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Greece’s Parliament just voted to legalize the production and sale of medical cannabis, advancing the country’s long-delayed medical marijuana program. 

Greece initially legalized medical marijuana back in 2017, but this original law did not allow the cultivation or sale of cannabis products containing more than 0.2 percent THC content. The following year, lawmakers passed a limited bill to advance cannabis production and sales, but regulatory hangups prevented the program from advancing further. 

In 2019, US-based weed investment firm DevCann invested nearly $14 million into the country’s medical marijuana market, in hopes that Greece would become the “European California.” By the end of that year, businesses from Israel, Saudi Arabia, and other countries invested $400 million into Greek weed businesses, but even so, Greece failed to fully implement its medical pot program.

After another two years of delays, the Greek Development and Investment Industry proposed a new bill to explicitly legalize the sale and production of medical pot. Nikos Papasthanasis, Deputy Minister of Development and Investment, said that this legislation would help expedite the process of licensing medical marijuana businesses. 

Christos Kellas, a spokesperson for the New Democracy party, told the Greek Reporter that the new bill is “an integrated framework for the development of the cannabis industry in our country, from which we expect that there will be benefits for our economy through investments and the creation of new jobs.”

Kellas explained that this legislation will create “new options in the fields of agriculture and processing, but most importantly, to those who use the final products of medical cannabis. Medical marijuana can relieve their diseases and help them respond better to treatments, if this is deemed necessary by the treating physicians.”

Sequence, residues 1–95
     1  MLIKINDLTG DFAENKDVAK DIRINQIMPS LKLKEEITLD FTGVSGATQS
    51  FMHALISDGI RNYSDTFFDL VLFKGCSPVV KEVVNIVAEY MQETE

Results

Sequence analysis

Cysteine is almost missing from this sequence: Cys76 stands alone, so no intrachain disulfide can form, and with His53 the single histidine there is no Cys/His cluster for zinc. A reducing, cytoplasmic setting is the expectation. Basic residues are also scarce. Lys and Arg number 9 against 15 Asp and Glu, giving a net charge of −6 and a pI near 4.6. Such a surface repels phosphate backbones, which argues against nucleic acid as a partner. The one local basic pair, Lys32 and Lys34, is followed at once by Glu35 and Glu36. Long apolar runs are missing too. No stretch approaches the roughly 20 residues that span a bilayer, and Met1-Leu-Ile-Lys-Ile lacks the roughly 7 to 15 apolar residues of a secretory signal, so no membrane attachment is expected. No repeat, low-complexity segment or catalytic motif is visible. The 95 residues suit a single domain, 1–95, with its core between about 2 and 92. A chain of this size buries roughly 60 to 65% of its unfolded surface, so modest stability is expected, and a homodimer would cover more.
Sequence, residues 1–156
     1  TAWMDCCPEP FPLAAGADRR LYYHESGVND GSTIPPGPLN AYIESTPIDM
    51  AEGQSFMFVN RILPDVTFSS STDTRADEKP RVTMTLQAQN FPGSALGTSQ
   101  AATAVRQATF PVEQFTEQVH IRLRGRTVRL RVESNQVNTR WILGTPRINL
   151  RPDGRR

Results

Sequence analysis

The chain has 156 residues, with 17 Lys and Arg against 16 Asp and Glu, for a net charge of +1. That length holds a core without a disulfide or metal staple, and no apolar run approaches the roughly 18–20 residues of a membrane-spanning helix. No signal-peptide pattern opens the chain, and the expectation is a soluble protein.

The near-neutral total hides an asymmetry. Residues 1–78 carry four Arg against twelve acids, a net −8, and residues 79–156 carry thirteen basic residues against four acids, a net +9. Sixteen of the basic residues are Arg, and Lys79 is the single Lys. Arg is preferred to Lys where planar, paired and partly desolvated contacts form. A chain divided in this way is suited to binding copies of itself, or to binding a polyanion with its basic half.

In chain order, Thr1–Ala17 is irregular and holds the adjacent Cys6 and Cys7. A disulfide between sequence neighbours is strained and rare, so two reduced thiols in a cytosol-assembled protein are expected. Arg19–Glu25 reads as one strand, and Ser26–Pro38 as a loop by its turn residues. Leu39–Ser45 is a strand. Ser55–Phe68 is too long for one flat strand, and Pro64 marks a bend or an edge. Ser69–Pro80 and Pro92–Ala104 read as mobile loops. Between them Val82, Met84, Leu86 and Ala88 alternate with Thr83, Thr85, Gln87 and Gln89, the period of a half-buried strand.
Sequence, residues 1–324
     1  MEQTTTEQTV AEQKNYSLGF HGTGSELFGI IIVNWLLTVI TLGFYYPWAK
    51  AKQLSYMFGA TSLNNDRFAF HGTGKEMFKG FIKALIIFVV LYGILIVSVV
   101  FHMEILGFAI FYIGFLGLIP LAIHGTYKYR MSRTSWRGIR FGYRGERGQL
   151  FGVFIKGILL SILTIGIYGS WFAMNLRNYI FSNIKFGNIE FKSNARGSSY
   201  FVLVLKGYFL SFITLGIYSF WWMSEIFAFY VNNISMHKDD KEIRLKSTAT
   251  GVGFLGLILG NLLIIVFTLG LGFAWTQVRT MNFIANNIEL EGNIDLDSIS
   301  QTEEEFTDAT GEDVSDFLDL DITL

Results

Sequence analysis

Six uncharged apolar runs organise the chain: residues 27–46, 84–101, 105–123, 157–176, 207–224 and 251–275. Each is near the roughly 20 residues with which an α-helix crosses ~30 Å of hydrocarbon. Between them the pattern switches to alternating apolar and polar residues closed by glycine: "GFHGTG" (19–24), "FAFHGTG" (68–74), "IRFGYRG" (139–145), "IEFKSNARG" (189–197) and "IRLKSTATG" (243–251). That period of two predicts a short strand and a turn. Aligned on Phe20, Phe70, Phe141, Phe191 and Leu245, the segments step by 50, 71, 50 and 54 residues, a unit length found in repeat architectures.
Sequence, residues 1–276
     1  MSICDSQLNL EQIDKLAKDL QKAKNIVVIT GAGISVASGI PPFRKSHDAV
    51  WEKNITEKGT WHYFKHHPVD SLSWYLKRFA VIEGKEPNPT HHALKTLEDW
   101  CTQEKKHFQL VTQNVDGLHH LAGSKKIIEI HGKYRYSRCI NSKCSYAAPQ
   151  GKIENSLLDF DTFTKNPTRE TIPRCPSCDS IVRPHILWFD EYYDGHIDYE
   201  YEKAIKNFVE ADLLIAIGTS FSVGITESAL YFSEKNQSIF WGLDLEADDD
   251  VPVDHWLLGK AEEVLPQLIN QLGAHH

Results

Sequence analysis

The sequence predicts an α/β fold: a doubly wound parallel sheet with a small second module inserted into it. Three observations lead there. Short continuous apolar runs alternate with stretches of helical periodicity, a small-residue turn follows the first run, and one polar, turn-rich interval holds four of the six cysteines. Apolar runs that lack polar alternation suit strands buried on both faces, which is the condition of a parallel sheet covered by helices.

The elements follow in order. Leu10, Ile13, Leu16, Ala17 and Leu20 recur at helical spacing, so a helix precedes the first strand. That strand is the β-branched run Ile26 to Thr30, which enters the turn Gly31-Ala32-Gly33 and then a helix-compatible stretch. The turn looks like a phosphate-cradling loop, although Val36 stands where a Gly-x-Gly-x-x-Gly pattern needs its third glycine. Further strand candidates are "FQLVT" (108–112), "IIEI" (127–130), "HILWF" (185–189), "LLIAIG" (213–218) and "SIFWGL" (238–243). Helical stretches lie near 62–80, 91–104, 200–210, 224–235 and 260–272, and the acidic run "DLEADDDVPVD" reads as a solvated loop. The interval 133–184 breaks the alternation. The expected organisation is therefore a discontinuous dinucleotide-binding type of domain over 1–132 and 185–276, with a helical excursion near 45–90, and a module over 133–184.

The bill was challenged by several parties in Parliament, including the main opposition party Syriza, who called it “cowardly and timid.” Syriza spokesperson Alexis Haritsis argued that the bill is incomplete, as it only legalizes the production and sale of medical cannabis flower. Extracts, oils, edibles, and other popular products would remain illegal, which could put Greece at a competitive disadvantage compared to neighboring countries.

Despite the opposition, the bill passed last week with a 158 to 33 vote. Haritsis said that Syriza was still hoping to amend the bill to allow the cultivation and sale of cannabis extracts. The opposition party also hopes to change the bill to allow one single cannabis business license to cover both domestic medical pot sales and exports.

While Greece is still struggling to implement its medical marijuana program, some of its neighbors are spearheading bolder cannabis reform efforts. Last fall, North Macedonia Prime Minister Zoran Zaev announced a new plan to legalize adult-use cannabis in order to help make his country the top tourist destination in the Balkans.